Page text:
Bold as a 4 inch small mouth bass. Lessons learned fishing (but not catching) in the Boundary Waters.

I wasn’t having a fun when my line started to wiggle.

Day 4 of our Boundary Waters trip had started auspiciously for everyone else. Devon Davoux and Jeremy Montgomery are great friends from college. We’ve stayed close over the years and now, every 5 years or so, we reconnect over a short trip to the BWCA. Our 4th man was another friend, Paul White. If you’ve never heard of this canoe only, no cell phone service series of interconnected lakes on the border of Canada, I strongly suggest you check it out.

Day 1 had been intense canoeing to go deep into the Boundary Waters. We had portaged (read carry all your stuff) over 5 lakes to reach Jordan Lake. Jordan Lake was beautiful, but after all 4 of us combining for 1 tiny fish during an all day fishing spree, we decided to retrace our steps to Disappointment Lake, where we had been informed that the fish were hitting.

(Check out this time lapse of tearing down our camp and moving back to Disappointment Lake.

The evening of day 3 saw everyone catching fish except for me. One little small mouth bass had hooked himself on my jig and leech combo. All that evening and half the next day, I sat in frustration as my three friends landed fish after fish!

Don’t get me wrong. The scenery was amazing.

My view for the last 3 days #BWCA

A photo posted by Charles Porter (@lifecartographer) on

The friendship great. But when everyone else is catching fish and you aren’t, well, your frustration meter starts spiking.

Day 4 saw us back on the lake.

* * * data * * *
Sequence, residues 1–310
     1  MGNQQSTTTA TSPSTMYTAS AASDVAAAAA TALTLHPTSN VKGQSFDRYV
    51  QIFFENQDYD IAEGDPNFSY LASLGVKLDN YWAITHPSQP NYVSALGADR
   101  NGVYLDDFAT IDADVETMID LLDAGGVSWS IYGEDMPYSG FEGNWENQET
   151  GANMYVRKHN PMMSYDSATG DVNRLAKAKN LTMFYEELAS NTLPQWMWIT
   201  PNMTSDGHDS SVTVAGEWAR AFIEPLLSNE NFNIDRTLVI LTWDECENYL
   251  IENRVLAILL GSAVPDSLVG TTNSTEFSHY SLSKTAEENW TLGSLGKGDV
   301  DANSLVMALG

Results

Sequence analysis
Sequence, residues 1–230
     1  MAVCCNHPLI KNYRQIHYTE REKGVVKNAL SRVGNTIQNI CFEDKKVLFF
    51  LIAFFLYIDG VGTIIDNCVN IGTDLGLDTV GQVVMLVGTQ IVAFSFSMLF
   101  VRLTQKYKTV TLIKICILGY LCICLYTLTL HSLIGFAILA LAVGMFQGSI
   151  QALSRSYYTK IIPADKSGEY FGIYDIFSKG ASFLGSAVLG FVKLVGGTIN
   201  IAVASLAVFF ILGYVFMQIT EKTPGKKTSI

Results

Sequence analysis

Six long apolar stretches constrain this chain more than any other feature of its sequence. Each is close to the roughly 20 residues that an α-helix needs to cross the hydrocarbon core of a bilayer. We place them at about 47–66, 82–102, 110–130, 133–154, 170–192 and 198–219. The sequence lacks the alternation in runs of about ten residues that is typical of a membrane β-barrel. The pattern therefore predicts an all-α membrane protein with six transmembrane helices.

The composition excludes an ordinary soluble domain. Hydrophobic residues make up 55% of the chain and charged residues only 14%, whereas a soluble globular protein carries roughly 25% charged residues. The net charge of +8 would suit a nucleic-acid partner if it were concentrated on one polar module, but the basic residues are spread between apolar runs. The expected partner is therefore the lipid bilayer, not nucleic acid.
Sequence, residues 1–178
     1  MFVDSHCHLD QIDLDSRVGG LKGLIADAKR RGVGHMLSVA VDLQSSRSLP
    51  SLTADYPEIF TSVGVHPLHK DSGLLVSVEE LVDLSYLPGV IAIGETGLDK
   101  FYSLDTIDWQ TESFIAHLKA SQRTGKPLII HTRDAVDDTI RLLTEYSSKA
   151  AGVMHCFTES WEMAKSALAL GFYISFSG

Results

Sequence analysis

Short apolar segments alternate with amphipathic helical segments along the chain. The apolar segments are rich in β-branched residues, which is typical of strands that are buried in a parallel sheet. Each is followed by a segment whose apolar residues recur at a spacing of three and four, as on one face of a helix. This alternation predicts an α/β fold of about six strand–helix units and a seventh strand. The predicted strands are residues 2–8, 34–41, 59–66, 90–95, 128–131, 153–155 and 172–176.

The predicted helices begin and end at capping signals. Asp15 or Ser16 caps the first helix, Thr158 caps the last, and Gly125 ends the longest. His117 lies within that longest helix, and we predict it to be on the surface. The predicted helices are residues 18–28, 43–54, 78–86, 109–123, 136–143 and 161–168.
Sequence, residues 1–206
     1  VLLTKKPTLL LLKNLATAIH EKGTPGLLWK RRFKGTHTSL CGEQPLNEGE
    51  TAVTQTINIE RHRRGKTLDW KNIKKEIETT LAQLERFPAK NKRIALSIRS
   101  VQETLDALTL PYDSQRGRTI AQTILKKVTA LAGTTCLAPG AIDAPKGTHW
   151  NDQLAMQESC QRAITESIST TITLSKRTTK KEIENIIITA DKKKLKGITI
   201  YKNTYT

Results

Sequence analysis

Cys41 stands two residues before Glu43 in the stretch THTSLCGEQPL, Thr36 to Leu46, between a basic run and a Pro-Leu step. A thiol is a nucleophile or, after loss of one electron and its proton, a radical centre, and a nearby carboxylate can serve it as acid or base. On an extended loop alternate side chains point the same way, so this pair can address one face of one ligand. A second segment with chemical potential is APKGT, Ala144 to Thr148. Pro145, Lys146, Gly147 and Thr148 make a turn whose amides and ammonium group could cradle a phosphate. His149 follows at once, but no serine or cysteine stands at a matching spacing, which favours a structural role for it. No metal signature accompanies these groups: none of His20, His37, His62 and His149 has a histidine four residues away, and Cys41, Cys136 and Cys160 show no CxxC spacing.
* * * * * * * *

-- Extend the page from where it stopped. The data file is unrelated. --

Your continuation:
I had changed to a 4 inch tiger lure. Rumor from previous years had concluded that tiger lures were either gold or lead, win or loss. But since all I was going was losing, why not, right?

My line went out, and I began my retrieval when the lure began to act strange. Wiggle, wiggle.

“Got one,” I told Devon.

I then proceeded to land a small mouth bass who was literally the same size as my 4 inch lure. The SAME size.

I threw him back and had to laugh. The lure was a tiger lure, but that little bass was a Tiger, with a capital T, if he thought he could swallow another fish as big as he was.

Later that day, my fishing woes began to wane and completely dissipate as we found a great hole for walleye and bass. In my mind though, I kept coming back to the tiny little bass.

Bold. What if I were as bold as that little bass. Willing to take on challenges as big as myself.

I’ve seen in my own life the progression from big goals to small wins. In basketball terms, it’s a layup versus a slam dunk. It’s a manageable goal versus an impossible goal.

In my youth, I wanted to attempt great things. I wanted to go after the 4 inch tiger lures.

Now that I’m older, wiser, more mature, am I still chasing 4 inch lures or 200 pounders in my own weight category? (mixing my metaphors I know.) What used to be impossible is now routine.

-driving a car

-speaking multiple languages

-traveling the world alone

-taking care of a disabled child

My list of 4 inch lures could go on.

The scriptures tell us “the righteous are as bold as a lion.” Fearless. Where has that fearlessness gone? On sabbatical while I parent? Pay bills? Or taking on a challenge with the fierceness of that little 4 inch bass?








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